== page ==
And if it’s so, we’d only pass this way but once
What a perfect waste of time….
– Elbow, “My Sad Captains”
I can imagine my ancestors in a pub
on the foggy north end of the heath
banging pewter cups on oaken tables
as the governor barked last orders
while in the harbor, moorings came loose and frayed
and some of the boats would drift into the river
trying to remember where they had been.
I want to bang my cup for another lager.
I want to float downstream, past castles and canals.
I want to miss the train but catch the next one.
I never want any of this to end.
I want the last sunrise to also be the first.
I want to toast myself when I wander off
and leave only my words to echo me.
I dreamt the guns were melted down
for bridges, cars and monuments
to victims in our bloody town.
I dreamt the guns were melted. Down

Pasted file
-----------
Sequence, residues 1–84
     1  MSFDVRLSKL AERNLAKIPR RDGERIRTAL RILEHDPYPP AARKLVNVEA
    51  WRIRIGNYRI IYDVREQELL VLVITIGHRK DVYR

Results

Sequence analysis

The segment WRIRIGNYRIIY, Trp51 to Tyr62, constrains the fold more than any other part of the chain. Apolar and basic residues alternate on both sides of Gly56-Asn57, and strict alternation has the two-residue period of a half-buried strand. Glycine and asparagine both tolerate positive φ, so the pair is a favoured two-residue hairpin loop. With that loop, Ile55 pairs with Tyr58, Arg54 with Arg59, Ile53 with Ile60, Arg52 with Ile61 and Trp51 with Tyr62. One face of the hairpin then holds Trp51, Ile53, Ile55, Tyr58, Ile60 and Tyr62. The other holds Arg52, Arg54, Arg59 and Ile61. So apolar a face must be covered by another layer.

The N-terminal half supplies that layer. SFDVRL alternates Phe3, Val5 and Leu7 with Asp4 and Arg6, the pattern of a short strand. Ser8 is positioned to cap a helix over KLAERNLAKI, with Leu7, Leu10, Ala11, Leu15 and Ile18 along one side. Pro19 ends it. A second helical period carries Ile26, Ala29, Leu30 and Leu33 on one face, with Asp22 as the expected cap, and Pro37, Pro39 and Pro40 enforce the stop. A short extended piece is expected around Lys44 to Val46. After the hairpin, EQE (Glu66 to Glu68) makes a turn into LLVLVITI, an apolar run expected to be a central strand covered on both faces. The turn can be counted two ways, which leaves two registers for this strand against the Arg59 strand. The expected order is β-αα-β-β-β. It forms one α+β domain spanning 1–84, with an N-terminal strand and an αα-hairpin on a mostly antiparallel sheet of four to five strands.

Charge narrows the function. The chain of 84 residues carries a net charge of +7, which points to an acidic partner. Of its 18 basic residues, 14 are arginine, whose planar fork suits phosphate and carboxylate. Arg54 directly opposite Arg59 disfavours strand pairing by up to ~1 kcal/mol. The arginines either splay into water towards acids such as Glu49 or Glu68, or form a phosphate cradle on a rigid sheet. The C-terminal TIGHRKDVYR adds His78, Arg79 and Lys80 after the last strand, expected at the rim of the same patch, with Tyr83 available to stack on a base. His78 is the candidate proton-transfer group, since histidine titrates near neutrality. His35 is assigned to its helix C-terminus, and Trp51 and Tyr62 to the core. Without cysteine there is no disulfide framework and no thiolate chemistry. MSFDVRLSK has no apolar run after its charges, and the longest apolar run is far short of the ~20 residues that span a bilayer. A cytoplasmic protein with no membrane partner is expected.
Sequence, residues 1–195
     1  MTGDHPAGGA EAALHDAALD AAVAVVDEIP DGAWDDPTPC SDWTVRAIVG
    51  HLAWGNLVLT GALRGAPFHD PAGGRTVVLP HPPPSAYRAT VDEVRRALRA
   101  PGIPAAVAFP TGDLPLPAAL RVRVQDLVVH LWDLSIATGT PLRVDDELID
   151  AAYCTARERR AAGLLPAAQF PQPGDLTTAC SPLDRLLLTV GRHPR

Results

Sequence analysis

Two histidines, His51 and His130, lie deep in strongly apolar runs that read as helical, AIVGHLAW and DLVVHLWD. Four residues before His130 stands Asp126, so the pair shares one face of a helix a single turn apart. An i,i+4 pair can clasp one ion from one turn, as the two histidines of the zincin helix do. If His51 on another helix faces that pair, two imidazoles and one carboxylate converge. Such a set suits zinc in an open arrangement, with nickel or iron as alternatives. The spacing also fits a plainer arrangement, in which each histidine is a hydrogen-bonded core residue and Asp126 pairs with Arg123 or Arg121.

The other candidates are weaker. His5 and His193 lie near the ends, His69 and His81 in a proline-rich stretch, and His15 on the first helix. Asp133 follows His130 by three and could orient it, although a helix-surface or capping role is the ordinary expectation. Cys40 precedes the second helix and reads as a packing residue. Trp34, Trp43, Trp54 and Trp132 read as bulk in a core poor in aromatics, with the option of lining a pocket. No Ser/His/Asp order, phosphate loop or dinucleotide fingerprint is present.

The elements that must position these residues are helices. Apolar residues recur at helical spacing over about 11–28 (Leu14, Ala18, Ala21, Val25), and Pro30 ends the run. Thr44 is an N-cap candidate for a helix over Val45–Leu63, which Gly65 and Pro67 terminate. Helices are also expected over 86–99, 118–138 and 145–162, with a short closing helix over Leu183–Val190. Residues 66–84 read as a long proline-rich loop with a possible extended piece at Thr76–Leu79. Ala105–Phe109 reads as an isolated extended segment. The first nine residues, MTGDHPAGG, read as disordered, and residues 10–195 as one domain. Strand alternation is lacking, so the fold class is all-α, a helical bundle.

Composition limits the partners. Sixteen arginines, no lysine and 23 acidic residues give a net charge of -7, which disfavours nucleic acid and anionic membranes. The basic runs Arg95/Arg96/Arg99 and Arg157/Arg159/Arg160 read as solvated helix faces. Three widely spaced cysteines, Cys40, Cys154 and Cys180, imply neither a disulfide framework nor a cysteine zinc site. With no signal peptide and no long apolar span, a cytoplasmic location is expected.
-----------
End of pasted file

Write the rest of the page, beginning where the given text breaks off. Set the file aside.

the chute they went. “We will not drown
in grief or hate.” This covenant
I dreamt. The guns were melted down
for bridges, cars and monuments.
I dreamt I gave you flowers
but I didn’t know how to pronounce
those little cousins of petunias
a million trailing bells, a riot of
variegated in violet, yellow,
blue, pink and white and
a carnival in a hanging pot
and I bought enough to fill your
and I bought enough to fill your bedroom
and your front and back
and you had so many we decided
to share them all over
and we hung them from lampposts and trees
and a tall man standing on the
and we waltzed down the middle
of the street to the song of
and we said the word over and
until we got it
until it became
until it became
and when I woke I went
straight to the garden shop
bought the biggest, most vibrant
basket of calibrachoa I could
and the man at the counter smiled
at me because when I said it
it sounded like
Bruce W. Niedt is a retired civil servant whose poetry has appeared in many publications, including Rattle, Writer’s Digest, Tiferet, Spitball, Mason Street Review,US 1 Worksheets, Your Daily Poem, and many previous appearances in Chantarelle’s Notebook. His most recent books are his first full-length collection, The Bungalow of Colorful Aging (Kelsay Books), and his eighth chapbook, Knit Our Broken Bones (Maverick Duck Press). He lives with his incredibly patient wife in Cherry Hill, NJ.